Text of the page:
Panorama also interviewed record-breaking cyclist Graeme Obree, Professor Tim Noakes of the Department of Exercise and Sports Science at Cape Town University (which involved a nice trip to South Africa… jealous, much?) who has carried out research on sports drinks; a representative from the European Food Safety Authority; Dr. Benno Nigg of the Human Performance Laboratory at Calgary University who has investigated different types of trainers and whether they can prevent injury (nice trip to Canada… ditto); Professor Mike Lean of the Department of Human Nutrition at Glasgow University (OK, not such a great trip) and various others.

And this is what they concluded:

1. Will carbohydrate drinks improve your performance? Unless you’re an elite endurance athlete, no.The evidence does not show that performance in the population at large is improved by carbohydrate drinks. Although carbs do have an effect, it takes more than an hour for this to make an impact and that impact will only be significant amongst high performance athletes. You’d be better off copying Graeme Obree and just having bread and jam.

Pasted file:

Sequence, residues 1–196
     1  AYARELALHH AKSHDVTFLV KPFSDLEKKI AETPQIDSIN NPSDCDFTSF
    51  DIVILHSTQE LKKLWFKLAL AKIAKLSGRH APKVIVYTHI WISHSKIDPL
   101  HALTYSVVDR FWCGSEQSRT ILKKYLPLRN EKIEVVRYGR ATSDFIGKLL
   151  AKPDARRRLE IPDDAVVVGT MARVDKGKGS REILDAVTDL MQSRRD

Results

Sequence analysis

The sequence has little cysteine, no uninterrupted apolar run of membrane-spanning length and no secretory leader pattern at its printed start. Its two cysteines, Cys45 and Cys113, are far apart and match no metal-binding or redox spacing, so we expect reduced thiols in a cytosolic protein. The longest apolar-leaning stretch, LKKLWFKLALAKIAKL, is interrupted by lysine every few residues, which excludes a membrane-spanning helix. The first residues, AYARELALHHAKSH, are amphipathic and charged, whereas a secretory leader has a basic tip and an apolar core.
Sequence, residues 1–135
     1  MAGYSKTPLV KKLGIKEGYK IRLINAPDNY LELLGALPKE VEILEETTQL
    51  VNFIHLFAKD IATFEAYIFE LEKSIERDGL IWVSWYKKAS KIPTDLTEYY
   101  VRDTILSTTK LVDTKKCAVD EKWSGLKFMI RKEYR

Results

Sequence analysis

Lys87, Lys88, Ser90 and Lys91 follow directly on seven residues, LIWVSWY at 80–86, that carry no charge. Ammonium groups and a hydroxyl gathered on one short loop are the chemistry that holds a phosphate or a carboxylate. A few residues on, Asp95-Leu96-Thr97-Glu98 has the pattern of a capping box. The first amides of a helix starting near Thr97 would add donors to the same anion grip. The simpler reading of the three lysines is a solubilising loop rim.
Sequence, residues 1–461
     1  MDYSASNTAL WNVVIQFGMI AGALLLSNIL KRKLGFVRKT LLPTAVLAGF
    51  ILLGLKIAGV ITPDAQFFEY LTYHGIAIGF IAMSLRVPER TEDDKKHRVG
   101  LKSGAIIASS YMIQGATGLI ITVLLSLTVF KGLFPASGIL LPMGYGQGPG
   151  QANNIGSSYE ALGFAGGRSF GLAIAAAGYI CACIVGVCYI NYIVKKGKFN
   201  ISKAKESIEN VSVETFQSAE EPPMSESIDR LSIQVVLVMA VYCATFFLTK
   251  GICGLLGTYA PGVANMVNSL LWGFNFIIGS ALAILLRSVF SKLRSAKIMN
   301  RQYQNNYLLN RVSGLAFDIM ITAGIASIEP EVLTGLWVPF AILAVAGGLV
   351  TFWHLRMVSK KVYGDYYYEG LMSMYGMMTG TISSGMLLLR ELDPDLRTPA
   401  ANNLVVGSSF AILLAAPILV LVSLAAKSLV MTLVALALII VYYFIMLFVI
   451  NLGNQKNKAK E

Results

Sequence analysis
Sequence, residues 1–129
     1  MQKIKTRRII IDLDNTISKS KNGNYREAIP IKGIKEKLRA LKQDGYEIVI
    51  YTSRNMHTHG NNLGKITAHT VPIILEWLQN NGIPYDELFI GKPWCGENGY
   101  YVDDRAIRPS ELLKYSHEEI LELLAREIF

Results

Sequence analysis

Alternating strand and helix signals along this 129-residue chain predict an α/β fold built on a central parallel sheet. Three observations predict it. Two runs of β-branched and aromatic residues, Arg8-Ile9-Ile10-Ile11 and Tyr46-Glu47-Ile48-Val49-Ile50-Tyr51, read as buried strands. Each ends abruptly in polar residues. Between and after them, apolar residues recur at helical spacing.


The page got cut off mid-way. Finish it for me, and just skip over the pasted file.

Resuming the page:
2. What about low calorie sports drinks? Could they help? In a word, no. The calories are the whole point of these drinks.

3. Will protein supplements beef you up or help you to recover faster? Again, no. Although there’s some limited evidence that high performance athletes might benefit in terms of muscle strength from certain amino acids (the supplements talk a lot about branched chain amino acids), protein shakes and bars have no advantage for the likes of you and me over the ordinary protein and carbohydrates that you find in food. Graeme Obree recommended sardines on toast with vegetables.